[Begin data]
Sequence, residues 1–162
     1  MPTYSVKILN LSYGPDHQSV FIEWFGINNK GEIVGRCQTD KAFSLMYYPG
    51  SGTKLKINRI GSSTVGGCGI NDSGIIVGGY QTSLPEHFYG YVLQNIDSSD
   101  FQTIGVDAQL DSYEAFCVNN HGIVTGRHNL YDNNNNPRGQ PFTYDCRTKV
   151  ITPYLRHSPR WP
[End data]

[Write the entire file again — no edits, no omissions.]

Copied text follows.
Sequence, residues 1–162
     1  MPTYSVKILN LSYGPDHQSV FIEWFGINNK GEIVGRCQTD KAFSLMYYPG
    51  SGTKLKINRI GSSTVGGCGI NDSGIIVGGY QTSLPEHFYG YVLQNIDSSD
   101  FQTIGVDAQL DSYEAFCVNN HGIVTGRHNL YDNNNNPRGQ PFTYDCRTKV
   151  ITPYLRHSPR WP